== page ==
The book supplements the current MHC exhibition, titled “Sirri na Pesse” (Honour and Pride) of the Bugis, which runs from October 14 to June 24 2018. The exhibition showcases more than 40 artefacts that relate to the history and culture of the Bugis people.

“Bugis” is famous in Singapore. There is a condominium called Kampong Bugis, a train station, Bugis MRT Station, a large mall, Bugis Junction, a shopping area in Bugis Street and a hotel named Village Hotel Bugis.

“The Bugis is a respected group of people and historically for centuries revered as fierce warriors in Southeast Asia,” says a reader of the article, “Were the Bugis really pirates? Here are 5 things we found out” by Mayo Martin at:

Mr Ibrahim’s book talks about everything to do with Bugis – culture, cuisine, diaspora, entrepreneurs, and a host of other topics, including, of course, the author’s own ancestry and lineage to the Bugis community.

Shaik Kadir
20 November 2017

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Special celebrations Singaporeans relish and cherish

Special celebrations Singaporeans

relish and cherish

“According to a study of 232 countries by the Pew Research Centre based in Washington, Singapore is the most religiously diverse country in the world. If there was an Olympics for religious diversity, we would have won the gold medal,” says Mr Mohammad Alami Musa, Head of Studies in Inter-religious Relations in Plural Societies (S. Rajaratnam School of International Studies) as given in an opinion piece, “Inter-faith dialogue in Singapore must go deeper”, published in The Straits Times of 27 October 2017.

Yes, Singaporeans are people of various races, cultures and faiths and they live together harmoniously.

“In the last 50 years, there has not been a single religious conflict in Singapore. But this is not the situation in the world today. Pew Research Centre has shown that the number of religious-based conflicts faced by many countries has gone up,” continues Mr Mohammad of the Muis Council. Muis, abbreviation for Majlis Ugama Islam Singapura, is the Islamic Religious Council of Singapore.

“As a Muslim, I know more about Islam if I know more about other religions,” Mr Mohammad adds. Indeed Singapore Muslims ought to know some facts, at least about the special days of people of other faiths. Similarly, people of other faiths ought to have some knowledge about Islam and other religions of Singaporeans.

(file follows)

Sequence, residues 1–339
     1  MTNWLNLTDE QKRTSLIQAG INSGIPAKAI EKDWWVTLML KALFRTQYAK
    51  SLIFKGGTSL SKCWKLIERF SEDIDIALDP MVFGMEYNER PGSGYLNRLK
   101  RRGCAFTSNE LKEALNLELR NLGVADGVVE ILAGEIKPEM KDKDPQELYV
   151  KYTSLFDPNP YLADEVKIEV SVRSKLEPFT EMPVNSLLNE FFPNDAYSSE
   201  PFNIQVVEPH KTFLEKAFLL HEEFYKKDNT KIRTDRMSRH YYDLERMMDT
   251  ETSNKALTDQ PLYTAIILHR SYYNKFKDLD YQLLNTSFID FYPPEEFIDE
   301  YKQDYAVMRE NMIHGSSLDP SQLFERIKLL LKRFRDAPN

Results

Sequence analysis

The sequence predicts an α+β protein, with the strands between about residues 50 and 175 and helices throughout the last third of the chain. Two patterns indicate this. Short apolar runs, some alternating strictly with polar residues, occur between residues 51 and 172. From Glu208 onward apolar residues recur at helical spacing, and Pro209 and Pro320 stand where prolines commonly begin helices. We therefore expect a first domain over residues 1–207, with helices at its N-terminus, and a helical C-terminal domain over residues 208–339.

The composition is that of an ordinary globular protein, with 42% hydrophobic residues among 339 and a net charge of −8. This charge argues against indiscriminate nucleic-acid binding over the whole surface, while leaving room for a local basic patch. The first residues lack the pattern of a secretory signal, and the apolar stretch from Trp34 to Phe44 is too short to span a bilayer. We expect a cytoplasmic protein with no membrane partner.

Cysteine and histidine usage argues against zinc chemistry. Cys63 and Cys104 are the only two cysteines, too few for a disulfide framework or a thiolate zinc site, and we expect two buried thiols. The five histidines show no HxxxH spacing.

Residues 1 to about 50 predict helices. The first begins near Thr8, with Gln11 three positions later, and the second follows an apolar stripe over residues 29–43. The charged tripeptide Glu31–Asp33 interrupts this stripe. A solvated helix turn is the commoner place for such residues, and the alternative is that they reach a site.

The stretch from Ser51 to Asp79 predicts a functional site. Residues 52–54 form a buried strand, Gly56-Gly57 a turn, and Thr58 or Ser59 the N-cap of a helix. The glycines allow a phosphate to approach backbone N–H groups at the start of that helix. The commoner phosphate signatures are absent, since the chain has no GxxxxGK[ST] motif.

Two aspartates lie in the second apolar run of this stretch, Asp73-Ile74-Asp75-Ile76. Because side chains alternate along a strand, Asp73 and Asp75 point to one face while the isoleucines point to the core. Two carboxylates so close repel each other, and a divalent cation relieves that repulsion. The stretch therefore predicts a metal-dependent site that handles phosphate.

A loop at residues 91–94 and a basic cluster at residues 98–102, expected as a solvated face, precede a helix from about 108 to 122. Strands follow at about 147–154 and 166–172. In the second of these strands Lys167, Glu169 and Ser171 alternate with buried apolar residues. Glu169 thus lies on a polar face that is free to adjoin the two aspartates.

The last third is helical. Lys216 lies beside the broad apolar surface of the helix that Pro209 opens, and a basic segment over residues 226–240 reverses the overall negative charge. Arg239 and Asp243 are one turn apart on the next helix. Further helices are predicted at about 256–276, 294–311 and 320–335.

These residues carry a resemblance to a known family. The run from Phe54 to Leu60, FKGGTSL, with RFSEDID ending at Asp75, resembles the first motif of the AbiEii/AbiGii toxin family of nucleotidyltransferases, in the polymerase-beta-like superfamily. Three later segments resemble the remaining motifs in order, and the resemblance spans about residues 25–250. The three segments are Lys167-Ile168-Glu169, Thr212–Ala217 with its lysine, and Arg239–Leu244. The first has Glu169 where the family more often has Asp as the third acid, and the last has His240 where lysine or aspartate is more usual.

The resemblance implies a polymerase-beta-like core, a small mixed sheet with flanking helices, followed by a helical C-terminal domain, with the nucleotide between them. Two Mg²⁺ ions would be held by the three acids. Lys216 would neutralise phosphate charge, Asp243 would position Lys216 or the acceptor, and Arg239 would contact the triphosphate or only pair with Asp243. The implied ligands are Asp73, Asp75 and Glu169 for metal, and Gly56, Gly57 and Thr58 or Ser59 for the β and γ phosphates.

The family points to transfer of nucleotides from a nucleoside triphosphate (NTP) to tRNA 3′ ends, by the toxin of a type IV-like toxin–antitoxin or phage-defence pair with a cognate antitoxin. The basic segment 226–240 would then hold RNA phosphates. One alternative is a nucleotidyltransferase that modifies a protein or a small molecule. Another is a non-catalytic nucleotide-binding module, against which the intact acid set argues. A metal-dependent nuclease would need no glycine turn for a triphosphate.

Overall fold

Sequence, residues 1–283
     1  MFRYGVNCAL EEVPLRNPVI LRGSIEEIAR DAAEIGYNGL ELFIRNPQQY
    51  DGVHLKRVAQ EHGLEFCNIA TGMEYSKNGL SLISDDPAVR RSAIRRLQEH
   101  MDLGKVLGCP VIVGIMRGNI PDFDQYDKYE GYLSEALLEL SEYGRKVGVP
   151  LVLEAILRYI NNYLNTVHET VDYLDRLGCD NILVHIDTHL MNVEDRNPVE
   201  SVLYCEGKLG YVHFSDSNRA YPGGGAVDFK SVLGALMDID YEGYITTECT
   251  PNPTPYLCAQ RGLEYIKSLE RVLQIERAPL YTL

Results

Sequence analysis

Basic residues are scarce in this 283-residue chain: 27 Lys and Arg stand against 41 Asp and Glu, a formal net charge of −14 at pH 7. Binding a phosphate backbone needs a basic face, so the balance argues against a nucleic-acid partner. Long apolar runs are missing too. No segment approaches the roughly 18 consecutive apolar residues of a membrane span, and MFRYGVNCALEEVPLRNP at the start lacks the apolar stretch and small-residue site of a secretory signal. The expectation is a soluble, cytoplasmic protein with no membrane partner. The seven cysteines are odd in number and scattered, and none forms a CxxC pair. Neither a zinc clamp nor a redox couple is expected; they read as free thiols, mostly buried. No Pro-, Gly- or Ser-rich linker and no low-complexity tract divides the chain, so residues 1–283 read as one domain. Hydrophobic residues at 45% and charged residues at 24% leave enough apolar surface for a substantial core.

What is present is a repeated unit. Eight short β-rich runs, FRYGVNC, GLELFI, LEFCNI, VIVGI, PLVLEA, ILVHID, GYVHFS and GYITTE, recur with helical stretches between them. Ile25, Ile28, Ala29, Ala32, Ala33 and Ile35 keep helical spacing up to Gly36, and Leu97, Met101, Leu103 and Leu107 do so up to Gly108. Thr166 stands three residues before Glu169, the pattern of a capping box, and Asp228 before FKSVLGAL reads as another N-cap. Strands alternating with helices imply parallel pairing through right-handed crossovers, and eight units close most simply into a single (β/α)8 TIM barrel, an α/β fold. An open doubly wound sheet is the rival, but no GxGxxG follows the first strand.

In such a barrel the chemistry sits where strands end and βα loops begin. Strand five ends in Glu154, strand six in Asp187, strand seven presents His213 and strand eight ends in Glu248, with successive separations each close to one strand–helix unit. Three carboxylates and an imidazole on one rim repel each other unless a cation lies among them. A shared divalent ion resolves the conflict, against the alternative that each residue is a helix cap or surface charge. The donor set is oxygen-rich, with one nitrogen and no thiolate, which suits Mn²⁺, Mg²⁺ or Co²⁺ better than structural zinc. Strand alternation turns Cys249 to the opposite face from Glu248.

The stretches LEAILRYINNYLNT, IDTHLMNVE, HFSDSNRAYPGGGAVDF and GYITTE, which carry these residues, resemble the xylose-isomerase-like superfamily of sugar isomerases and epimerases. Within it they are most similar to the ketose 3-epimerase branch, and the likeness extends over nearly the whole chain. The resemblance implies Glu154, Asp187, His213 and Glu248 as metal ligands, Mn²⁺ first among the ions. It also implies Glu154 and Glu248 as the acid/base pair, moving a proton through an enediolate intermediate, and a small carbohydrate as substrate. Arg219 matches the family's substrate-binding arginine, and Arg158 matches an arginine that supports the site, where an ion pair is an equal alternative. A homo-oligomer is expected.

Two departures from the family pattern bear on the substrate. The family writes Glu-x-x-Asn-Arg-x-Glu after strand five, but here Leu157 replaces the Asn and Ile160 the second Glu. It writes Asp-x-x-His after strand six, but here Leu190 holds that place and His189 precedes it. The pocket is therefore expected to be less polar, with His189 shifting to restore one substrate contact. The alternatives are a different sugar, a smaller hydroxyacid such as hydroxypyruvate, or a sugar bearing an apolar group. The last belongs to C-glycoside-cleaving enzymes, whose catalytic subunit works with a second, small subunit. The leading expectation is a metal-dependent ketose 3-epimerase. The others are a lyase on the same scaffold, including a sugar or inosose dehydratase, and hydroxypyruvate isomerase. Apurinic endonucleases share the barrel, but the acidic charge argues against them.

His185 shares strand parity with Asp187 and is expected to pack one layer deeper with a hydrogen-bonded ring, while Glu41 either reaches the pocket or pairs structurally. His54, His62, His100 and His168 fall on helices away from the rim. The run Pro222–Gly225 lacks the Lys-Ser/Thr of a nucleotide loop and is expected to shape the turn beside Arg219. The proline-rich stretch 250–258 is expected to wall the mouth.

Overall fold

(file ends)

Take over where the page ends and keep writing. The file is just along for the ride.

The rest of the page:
In this short article, only the celebrations and commemorations of four main religions are given – Islam, Christianity, Hinduism and Taoism. Such knowledge will make us understand the meaning and significance of these special celebratory days and motivate Singapore’s multi-racial, multi-cultural people to come closer to each other to uphold peace and harmony among us.

Visiting friends during their festive celebrations is among the social activities that foster friendship and enhance harmony.

(1) Translated, the title of the writer’s article in the Malay national newspaper, Berita Harian (of 26 Sep 2009), goes “Eating together (with friends) enhances value of harmony”.
(2) The captions says: Family of the writer (wife, Khairon; and daughter, Munirah) with two guests (who are Munirah’s Chinese friends), Ms Karen Teo (left) and Ms Karen Dawn Yap, who came to celebrate Hari Raya Aidilfitri.

The article begins with the celebrations of Muslims.


The major celebrations/commemorations of Muslims are:

Islamic New Year
The Islamic New Year falls on the first day of the first month, Muharram, of the Islamic calendar. For example, this year, 2017, the Muslim Year is 1439H (“H” stands for Hijrah or migration of Prophet Muhammad from Mecca to Medina) coincided with 22 September 2017.

As the Islamic day begins after sundown of the previous day, the ushering in of the New Year 1439H was on the evening of 21 September after 7:02 pm (exact time of the sundown on 21 September 2017).

In the mosques, Muslims gathered about an hour before sundown to recite collective dua (supplications) for the end of the Muslim year 1438H. Then, after performing the congregational maghrib obligatory prayer (fourth prayer of the day), which began in Singapore at 7:02 pm on that day, the congregation read certain chapters of the Qur’an and recited the 1439H New Year dua.

The Islamic calendar starts from the Hijrah (migration of Prophet Muhammad from Mecca to Medina). The migration took place because the Prophet was persecuted in Mecca for his preaching of Islam. The Hijrah coincides with the Gregorian date of 16 July 622.
The Hijrah is significant in the life of Muslims because it highlights the accomplishment of a goal by way of a change in strategy or lifestyle. It signifies growth, progress and success. Muslims take lessons from the significance of the Hijrah to better their lives by way of education, hard work and practising proper teachings of Islam as well as embracing compassion and friendship towards people of any race or creed.

Birthday of Prophet Muhammad 
Known as “Mawlid Nabi”, Prophet Muhammad’s birthday falls on 12th of the third month (Rabi’ul Awal) on the Islamic calendar. (This date is not fixed on the English (Gregorian) calendar as the Islamic year is shorter by 11 days and so advances by 11 days in each English year.) Muslims mark this day by attending lectures, remembering the life of the Prophet and learning about his exemplary character in the pursuit to emulate those examples.